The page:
According to The Associated Press:

The Supreme Court ruled unanimously . . . that a small religious group cannot force a city in Utah to place a granite marker in a local park that already is home to a Ten Commandments display.

The case, reported in NCAC’s last issue of Censorship News, involves a Salt Lake City based religious sect called Summum who have argued that they have a first amendment right to place a statue with their tenets in a public park that already houses a monument of the ten commandments.

The members of the Court, The Associated Press reports, made a distinction between speech in a public park and public monuments, ruling that public monuments are the property of the government and that governments can decide what to display, as long as their ownership of monuments is not “used (as) a subterfuge for favoring certain private speakers over others based on viewpoint.” While speech in public places is a protected form of expression, Justice Samuel Alito argued:

“It is hard to imagine how a public park could be opened up for the installation of permanent monuments by every person or group wishing to engage in that form of expression.”

Summum won in the U.S. 10th Circuit Court of Appeals; they ruled that once the park had been opened up to one privately owned viewpoint, it must allow others. The Supreme Court, however, made the distinction that public monuments (even if donated by private entities) are government property. According to Douglas Lee, writing for The First Amendment Center:

In its ruling, the Court relied on the increasingly powerful government-speech doctrine, which exempts speech made or endorsed by the government from First Amendment scrutiny.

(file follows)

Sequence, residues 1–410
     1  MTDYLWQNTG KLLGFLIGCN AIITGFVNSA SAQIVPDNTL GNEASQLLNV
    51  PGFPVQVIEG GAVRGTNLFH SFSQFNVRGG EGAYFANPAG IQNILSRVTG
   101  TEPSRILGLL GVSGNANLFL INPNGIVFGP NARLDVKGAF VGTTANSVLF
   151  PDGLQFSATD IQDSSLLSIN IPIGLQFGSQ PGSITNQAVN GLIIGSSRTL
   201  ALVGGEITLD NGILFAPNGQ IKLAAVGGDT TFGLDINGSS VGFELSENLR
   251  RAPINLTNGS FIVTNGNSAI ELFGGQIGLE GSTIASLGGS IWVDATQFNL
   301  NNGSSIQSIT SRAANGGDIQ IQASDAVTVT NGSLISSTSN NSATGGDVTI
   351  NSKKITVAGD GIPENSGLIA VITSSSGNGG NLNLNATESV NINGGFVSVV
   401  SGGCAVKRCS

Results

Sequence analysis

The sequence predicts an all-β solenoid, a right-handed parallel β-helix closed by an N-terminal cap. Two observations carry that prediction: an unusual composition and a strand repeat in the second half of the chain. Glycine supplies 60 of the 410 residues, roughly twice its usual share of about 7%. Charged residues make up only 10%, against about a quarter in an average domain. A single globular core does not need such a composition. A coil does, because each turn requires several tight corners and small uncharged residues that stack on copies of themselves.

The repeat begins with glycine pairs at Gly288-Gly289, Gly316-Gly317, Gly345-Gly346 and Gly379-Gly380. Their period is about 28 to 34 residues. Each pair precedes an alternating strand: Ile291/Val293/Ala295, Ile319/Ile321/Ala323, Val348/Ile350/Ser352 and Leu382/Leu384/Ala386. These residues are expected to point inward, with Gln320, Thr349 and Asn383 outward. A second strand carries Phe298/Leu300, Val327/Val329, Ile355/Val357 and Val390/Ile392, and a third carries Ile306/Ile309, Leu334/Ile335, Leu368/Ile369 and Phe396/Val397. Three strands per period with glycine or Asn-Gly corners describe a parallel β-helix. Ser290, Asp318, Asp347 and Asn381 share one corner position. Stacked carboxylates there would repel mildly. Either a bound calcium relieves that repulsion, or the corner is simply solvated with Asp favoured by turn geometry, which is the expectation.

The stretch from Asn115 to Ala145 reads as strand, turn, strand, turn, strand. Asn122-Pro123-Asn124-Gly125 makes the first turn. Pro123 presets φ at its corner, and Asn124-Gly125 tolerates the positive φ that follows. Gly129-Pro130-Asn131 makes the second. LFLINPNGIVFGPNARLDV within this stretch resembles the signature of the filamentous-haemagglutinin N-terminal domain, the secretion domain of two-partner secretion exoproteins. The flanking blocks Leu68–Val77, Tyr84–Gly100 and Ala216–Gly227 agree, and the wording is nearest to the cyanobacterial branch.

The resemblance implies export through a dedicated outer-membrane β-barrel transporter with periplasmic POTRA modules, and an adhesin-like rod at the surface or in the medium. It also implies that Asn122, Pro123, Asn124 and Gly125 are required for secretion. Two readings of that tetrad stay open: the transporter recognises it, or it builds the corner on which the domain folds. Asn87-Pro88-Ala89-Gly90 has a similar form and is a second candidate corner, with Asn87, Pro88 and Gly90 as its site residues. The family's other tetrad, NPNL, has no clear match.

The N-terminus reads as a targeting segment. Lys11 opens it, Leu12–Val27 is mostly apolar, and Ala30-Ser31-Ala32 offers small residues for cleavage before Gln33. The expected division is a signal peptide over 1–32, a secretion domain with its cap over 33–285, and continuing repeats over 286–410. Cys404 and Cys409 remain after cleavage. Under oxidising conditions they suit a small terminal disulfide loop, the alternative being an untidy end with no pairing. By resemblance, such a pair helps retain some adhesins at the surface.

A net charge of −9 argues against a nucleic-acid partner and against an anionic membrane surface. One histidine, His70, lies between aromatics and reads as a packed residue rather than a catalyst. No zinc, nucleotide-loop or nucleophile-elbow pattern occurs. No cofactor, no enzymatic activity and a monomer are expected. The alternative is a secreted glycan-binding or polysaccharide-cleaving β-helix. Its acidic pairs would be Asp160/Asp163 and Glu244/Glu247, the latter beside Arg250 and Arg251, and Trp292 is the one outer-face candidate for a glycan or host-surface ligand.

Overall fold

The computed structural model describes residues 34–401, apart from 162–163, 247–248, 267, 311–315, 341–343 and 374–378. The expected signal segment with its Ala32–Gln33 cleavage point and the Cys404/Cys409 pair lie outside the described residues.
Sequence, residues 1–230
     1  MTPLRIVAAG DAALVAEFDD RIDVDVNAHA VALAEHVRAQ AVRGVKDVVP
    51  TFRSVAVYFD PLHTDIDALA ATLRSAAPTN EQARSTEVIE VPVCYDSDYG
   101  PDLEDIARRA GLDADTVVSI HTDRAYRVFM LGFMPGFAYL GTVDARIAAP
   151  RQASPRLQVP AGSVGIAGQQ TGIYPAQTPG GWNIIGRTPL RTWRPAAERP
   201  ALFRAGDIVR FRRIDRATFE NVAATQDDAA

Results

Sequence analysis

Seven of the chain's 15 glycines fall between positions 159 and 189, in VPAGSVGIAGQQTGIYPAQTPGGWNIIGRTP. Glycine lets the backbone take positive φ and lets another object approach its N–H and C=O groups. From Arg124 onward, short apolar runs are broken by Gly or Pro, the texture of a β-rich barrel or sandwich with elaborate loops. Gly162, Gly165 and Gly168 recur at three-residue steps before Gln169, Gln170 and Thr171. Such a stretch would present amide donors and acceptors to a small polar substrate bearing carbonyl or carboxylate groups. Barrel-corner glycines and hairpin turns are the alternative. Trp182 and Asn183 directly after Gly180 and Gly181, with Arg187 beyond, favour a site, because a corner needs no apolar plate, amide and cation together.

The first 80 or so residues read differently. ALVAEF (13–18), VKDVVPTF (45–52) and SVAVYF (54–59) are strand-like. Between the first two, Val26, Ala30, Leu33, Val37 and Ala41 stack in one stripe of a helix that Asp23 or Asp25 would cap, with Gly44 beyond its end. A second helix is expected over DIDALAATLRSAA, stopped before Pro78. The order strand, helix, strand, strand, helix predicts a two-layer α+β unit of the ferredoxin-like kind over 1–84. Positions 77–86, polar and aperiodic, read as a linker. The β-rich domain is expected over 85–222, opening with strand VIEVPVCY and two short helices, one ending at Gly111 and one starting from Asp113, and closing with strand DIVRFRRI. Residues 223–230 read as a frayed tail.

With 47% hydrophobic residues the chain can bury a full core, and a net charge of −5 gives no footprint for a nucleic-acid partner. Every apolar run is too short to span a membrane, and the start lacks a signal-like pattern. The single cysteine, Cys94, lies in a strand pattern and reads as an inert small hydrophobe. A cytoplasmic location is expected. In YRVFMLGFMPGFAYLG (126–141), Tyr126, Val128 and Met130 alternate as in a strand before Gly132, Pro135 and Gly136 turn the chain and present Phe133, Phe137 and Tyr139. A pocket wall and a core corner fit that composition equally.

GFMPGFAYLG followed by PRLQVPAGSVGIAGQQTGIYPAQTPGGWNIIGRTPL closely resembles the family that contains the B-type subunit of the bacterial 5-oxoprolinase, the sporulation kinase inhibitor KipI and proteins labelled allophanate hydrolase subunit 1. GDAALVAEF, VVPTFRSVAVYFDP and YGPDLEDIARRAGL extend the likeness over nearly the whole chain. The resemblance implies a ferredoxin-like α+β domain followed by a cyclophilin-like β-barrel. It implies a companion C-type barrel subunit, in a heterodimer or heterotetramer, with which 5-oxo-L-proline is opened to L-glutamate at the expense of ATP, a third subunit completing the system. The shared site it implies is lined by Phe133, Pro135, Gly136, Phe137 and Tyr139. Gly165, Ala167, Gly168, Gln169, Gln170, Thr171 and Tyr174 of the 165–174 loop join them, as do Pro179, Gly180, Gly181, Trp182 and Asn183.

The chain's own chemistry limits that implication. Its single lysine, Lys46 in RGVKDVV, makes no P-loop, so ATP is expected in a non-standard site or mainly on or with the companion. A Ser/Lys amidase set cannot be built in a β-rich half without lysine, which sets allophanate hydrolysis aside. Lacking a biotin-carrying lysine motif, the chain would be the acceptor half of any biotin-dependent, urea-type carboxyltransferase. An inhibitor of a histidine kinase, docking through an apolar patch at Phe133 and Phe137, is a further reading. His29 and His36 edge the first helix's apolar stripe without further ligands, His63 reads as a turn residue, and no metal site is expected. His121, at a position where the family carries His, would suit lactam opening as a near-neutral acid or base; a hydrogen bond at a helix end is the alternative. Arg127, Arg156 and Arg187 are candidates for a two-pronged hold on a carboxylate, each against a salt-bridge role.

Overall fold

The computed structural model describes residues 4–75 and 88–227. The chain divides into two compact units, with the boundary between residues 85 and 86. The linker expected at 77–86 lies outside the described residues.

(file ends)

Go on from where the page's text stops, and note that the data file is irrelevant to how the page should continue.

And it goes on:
But many people are questioning whether this case is really about free speech at all, or whether it should have been addressed in the context of the establishment clause. As Douglas Lee writes:

The majority of the Court’s members ignored the obvious question created by their ruling: If a religious monument is government speech, doesn’t that speech violate the First Amendment’s establishment clause?

The establishment clause of The First Amendment states: “Congress shall make no law respecting an establishment of religion,” and has generally been interpreted to prohibit the establishment of a national religion by Congress and to prohibit the favoring of one religion over another. Ayesha N. Khan of Americans United for Separation of Church and State argues about the Summum case:

There are two potential Establishment Clause claims here: one would allege that the display of the FOE’s Fraternal Order of Eagles Ten Commandments monument reflects an endorsement of religion; the other would allege that the exclusion of Summum’s monument was caused by impermissible religious hostility.

The second claim, she argues, would have a real chance of winning “because the facts hint at religious animus having motivated the City’s denial of Summum’s request.”

Yet another question is raised by the case: If public monuments are government speech, should monuments of a religious nature be allowed at all? As Douglas Lee of the First Amendment Center points out, Justice Samuel Alito Jr. went to great lengths to establish monuments in parks as government speech. In his ruling, he states:

Since ancient times, kings, emperors, and other rulers have erected statutes of themselves to remind their subjects of their authority and power. … A monument, by definition, is a structure that is designed as a means of expression. When a government entity arranges for the construction of a monument, it does so because it wishes to convey some thought or instill some feeling in those who see the structure.

Douglas Lee responds thus:

Doesn’t it follow, then, that religious speech erected in exercise of the government’s “authority and power” endorses (if not establishes) religion? How can a monument intended to convey religious thought or instill religious feeling not favor religion over non-religion? How can government pretend it is not endorsing religion when it incorporates religion into its identity and conveys permanent religious messages?

As Lee concludes, the new decision creates potential conflict between, on the one hand, the desire to associate government speech with public monuments and, on the other hand, the desire to distance government speech from religious speech.